That is always the question when undertaking a creative endeavor that you attempt to build from the ground up (with no funding to boot). After a year of gaining momentum, things have tailed off a bit, but many lessons learned and Sea Wulfe is one step closer to becoming a produced and printed reality. The search for an artistic team to bring the script to life continues, but I wanted to get back to the blog to share with readers a few encounters that I experienced over the course of the past months. During the time spent between a full time job, working on the comic and free lance reporting for, I have had the opportunity to meet some incredibly talented creators. During these meetings I have interviewed some of them and learned a great deal about the creative process, what it takes to breathe life into your dreams and simply been inspired by the sheer force of will to get it done that has made these individuals successful. I will be sharing some of the interviews, originally posted for, from some truly talented indie creators who have inspired me and shown me how important it is to remain true to seeing the stories in my head and heart come to life. So, with that said, sit back relax and check out this interview with Daniel Cooney, creator of the Valentine series and Atomic Yeti:

Daniel Cooney: Man of Many Tales. This is a header Mr. Cooney should consider for his business card, just so those he passes it out to know deep the waters run with this prolific creator. In previous articles Mr. Cooney's work has been reviewed and recently he has taken time out of his packed schedule to talk with a bit about his latest work Atomic Yeti #1, the Valentine series , his creative process and what's on the horizon. Enjoy!

MT: Atomic Yeti seems to echo with shades of the Eerie and Creepy comics of old in terms of art, panel layout and story style. Was this a conscious decision or happy coincident. What influenced this properties creation?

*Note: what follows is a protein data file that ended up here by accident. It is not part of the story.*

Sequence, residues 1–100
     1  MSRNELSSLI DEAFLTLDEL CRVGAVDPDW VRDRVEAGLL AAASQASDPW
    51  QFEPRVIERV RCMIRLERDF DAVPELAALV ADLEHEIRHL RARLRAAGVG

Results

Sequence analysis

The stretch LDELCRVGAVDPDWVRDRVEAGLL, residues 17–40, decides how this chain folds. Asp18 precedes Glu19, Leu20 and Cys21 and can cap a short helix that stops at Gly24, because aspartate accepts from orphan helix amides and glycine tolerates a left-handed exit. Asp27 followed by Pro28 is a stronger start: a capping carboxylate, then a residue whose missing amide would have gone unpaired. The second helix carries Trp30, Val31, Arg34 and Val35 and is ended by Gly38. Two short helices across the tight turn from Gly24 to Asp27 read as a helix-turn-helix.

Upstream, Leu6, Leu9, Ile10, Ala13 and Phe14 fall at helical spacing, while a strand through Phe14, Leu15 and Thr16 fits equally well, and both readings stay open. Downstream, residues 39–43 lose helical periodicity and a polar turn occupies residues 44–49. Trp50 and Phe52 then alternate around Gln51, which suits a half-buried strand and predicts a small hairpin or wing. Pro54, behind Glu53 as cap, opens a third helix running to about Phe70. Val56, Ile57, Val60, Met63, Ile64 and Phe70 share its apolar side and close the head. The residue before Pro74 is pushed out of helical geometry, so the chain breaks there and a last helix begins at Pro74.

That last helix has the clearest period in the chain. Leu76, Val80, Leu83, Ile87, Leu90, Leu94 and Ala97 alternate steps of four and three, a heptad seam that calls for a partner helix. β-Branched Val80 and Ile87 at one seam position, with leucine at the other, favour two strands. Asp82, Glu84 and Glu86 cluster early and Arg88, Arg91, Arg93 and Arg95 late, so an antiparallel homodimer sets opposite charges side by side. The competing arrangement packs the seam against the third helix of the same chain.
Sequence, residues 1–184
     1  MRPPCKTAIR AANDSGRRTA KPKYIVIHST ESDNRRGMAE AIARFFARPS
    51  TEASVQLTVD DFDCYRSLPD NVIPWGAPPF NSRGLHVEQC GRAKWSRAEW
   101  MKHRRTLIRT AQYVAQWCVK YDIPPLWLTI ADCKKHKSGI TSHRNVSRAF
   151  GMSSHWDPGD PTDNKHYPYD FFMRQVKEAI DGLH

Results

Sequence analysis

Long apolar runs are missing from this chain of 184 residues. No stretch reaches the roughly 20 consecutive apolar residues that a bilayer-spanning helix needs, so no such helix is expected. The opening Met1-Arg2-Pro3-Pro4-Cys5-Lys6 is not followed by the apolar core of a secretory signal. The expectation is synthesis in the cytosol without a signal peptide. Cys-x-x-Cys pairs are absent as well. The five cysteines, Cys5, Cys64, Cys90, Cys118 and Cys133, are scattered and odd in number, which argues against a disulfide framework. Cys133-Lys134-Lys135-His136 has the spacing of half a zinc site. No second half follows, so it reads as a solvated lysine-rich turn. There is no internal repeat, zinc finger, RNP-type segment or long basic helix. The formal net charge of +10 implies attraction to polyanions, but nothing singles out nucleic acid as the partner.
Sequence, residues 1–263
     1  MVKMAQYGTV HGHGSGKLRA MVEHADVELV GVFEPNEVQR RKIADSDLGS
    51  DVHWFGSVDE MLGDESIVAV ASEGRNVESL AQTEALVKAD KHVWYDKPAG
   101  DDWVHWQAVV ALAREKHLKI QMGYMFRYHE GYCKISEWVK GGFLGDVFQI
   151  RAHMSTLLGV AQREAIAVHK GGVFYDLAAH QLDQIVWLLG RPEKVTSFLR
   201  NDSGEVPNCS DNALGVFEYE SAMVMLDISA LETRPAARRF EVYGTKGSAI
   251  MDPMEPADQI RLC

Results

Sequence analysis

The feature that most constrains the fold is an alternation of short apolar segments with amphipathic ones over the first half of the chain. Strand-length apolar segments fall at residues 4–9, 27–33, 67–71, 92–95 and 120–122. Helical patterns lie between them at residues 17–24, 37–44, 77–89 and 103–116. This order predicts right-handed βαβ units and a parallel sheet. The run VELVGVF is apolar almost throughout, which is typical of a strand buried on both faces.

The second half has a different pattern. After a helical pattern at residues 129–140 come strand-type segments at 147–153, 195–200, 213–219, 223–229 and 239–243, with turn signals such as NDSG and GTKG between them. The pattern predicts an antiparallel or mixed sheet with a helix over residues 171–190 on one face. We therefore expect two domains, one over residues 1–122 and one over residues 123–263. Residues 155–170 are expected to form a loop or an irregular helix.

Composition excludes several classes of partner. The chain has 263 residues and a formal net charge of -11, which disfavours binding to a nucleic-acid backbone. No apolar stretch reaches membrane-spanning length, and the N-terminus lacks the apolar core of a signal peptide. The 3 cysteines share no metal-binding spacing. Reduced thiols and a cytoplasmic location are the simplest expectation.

DC: It was a conscious decision inspired by the Eerie and Creepy comics both in layout and in tone for the story. Artist Jeff Himes had already illustrated a crime fiction story in a similar layout and thought he’d be a perfect fit for drawing The Atomic Yeti book.
The inspiration for The Atomic Yeti was based on the true story of The Dyatlov Pass incident resulted in the deaths of nine ski hikers in the northern Ural mountains on the night of February 2, 1959. As I read on, I became engrossed in the mystery of their deaths and was compelled to develop a story from this, marrying fact with fiction obviously throwing in a bit of science fiction and supernatural elements. The premise behind The Atomic Yeti is what if the Russians had their own "Philadelphia Experiment" during the cold war and a post 9-11 discredited journalist tries to uncover the truth with the help of a man claiming to be a part of it.
MT: Is Atomic Yeti an ongoing series, limited series? How often should we expect to see the title hit shelves (monthly/quarterly)?

DC: The story is one complete graphic novel, self-contained with an introductory “teaser” issue released at Comic-Con International. We’ll be launching a Kickstarter project to help fund the book due out in 2013.